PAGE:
The bosses of El Trenico, a narrow gauge train with the soul of a woman | The traveler

It could have been perfectly called the women’s train, but all its users baptized it as El Trenico, a narrow-gauge railway devised in 1882 that connected Bergara, in Gipuzkoa, with Estella, in Navarra, crossing Álava from north to southeast, until its It closed in 1967. Almost a score of station chiefs then managed to put order in the traffic of people and goods between these three provinces. Another group of women has now managed to turn the Alava section into the longest greenway in the Basque Country, some 120 kilometers that more than 300,000 walkers and cyclists they visit every year.


  • The Greenway of the Vasco Navarro Railway It is about 123 kilometers long, divided into three sections, from Estella-Lizarra to the port of Arlabán, passing through Tierra Estella, Montaña Alavesa, Llanada Alavesa and Vitoria-Gasteiz
  • More information about El Trenico:, and

“Women had a lot of weight until the machines stopped dragging the wagons on New Year’s Eve 1967, and another group of women has transformed it for tourism with a concept that invites you to visit it as you taste a good coffee, with all your senses” , explains the expert in heritage and tourism from Álava Arantza Cordero. The layout has achieved several European Greenways Awards for how it has mixed art and technology in the renovations and for how it has fused the past and the future to recover its historical protagonists.

Follow the path of the The Anglo Vasco Navarro Railway Company Limited, as it was originally called, is a way to enjoy forests, hermitages and unique places Throughout its different sections: the Guipuzcoan, the Alava -the longest and awarded for its interventions- and the Navarrese, which takes the traveler to the town of Estella. But, in addition, it transports you with sounds and murals to the early days of steam in which the noise of the machine and the column of hot air announced the arrival of merchants and visitors to the different stops along the way. Taking advantage of that almost 70% of the route runs through protected natural areas and areas cataloged as Outstanding and Singular Landscapes, in addition to long tunnels, the architect, urban planner and landscaper Irene Zuniga and the artist and muralist Irantzu Lekue They have turned their layout into a leap in time.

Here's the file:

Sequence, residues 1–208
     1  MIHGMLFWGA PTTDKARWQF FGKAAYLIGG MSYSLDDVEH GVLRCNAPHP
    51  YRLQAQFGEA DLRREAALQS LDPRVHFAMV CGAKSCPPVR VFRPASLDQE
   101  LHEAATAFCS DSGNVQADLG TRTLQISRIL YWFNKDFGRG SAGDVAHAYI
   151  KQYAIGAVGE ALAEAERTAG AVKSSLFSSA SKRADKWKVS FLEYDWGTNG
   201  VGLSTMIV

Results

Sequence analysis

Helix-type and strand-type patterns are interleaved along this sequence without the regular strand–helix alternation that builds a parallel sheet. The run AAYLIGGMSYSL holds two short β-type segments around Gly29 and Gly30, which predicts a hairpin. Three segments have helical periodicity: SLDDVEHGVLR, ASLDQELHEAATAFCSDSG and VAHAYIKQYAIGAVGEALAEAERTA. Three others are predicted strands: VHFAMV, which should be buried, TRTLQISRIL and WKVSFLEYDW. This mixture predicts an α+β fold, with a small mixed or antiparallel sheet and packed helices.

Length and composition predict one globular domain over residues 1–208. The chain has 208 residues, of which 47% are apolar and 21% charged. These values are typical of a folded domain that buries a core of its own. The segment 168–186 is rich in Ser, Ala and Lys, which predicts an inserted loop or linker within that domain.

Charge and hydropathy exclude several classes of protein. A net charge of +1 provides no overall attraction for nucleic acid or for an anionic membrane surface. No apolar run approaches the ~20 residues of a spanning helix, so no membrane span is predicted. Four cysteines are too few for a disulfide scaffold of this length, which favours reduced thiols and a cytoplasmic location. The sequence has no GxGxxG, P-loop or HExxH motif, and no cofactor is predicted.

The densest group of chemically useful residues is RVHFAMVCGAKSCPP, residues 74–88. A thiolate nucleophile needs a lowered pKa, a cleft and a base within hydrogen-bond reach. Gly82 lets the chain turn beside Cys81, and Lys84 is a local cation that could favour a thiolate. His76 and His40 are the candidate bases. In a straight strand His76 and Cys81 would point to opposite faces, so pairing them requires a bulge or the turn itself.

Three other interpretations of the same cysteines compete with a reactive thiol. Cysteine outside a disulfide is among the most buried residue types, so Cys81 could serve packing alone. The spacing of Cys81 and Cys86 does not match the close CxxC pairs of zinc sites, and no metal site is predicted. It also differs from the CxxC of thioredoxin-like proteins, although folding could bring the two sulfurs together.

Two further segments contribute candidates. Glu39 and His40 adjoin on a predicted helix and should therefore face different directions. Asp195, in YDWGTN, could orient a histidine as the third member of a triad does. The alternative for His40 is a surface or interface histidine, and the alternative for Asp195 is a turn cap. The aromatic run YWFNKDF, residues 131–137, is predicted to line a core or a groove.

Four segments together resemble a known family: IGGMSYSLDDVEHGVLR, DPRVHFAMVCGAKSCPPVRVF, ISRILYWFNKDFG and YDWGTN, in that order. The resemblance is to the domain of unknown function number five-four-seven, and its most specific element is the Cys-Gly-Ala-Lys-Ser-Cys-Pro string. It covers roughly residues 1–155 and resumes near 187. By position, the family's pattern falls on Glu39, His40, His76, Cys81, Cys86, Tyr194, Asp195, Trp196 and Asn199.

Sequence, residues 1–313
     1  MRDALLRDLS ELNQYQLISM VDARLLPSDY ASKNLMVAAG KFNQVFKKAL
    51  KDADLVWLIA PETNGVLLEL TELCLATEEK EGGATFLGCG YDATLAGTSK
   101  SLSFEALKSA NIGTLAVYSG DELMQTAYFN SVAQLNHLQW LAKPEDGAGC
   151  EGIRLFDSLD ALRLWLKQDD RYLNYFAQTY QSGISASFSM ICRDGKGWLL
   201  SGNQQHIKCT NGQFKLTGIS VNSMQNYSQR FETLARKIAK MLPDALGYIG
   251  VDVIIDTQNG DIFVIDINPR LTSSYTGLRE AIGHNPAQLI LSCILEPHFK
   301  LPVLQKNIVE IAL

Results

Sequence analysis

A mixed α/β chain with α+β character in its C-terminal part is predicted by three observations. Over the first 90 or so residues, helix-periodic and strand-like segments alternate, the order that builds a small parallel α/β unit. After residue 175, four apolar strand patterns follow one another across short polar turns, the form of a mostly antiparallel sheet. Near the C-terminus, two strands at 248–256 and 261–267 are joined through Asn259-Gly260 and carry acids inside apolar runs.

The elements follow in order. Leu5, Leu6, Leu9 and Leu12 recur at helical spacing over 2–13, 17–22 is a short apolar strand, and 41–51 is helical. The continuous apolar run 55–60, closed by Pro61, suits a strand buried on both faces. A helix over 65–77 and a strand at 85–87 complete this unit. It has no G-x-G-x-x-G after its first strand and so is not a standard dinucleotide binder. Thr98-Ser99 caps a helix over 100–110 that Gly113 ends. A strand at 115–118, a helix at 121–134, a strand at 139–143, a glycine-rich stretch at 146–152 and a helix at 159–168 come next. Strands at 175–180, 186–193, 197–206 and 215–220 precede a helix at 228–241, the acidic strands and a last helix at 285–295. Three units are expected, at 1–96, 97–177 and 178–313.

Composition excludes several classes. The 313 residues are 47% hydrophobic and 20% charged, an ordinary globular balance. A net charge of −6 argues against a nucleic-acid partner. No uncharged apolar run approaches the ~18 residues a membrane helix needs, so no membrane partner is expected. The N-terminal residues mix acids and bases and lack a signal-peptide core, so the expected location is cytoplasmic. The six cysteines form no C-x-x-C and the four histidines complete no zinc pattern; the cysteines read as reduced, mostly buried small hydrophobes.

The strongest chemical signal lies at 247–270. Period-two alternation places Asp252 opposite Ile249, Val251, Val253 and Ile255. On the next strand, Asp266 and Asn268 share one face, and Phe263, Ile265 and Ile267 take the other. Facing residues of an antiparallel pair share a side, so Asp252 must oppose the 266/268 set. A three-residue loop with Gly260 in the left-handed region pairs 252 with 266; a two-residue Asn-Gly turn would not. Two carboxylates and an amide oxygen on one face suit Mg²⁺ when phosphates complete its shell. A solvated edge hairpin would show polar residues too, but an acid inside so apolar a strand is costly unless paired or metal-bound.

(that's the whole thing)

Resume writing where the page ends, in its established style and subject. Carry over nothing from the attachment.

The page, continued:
The Leorza-Cicujano tunnel immerses those who venture into it in a world of sounds, colors, murals and testimonies. “When I presented the participation project, I did not imagine the response it was going to get. We wanted to make visible the importance of the women who worked there, but also of those who suffered accused of being witches in the towns through which they passed and were unjustly condemned ”, explains Lekue. The second intervention was the fusion of participatory mural art with augmented reality in the Alava town of Maeztu. Several QR codes allow you to listen to the historical voices of its protagonists or see in augmented reality how the machine and its wagons arrived. The third awarded intervention is the rehabilitation of an old railway warehouse in Antoñana following the original twenties designs of the engineer Alejandro Mendizábal, which Zúñiga found and has followed as if they were a score. “The figure of Mendizábal is very interesting. In the morning he controlled incidents throughout the route, and in the afternoons, at his home, he designed, one by one, and all different, the stations of the El Trenico stops ”. “It was the 1920s, a century ago now, and he could have made them all the same, but he left us an extraordinary and varied heritage,” recalls Zúñiga, who invites us to locate them along the greenway. Even the ones that are in bad shape.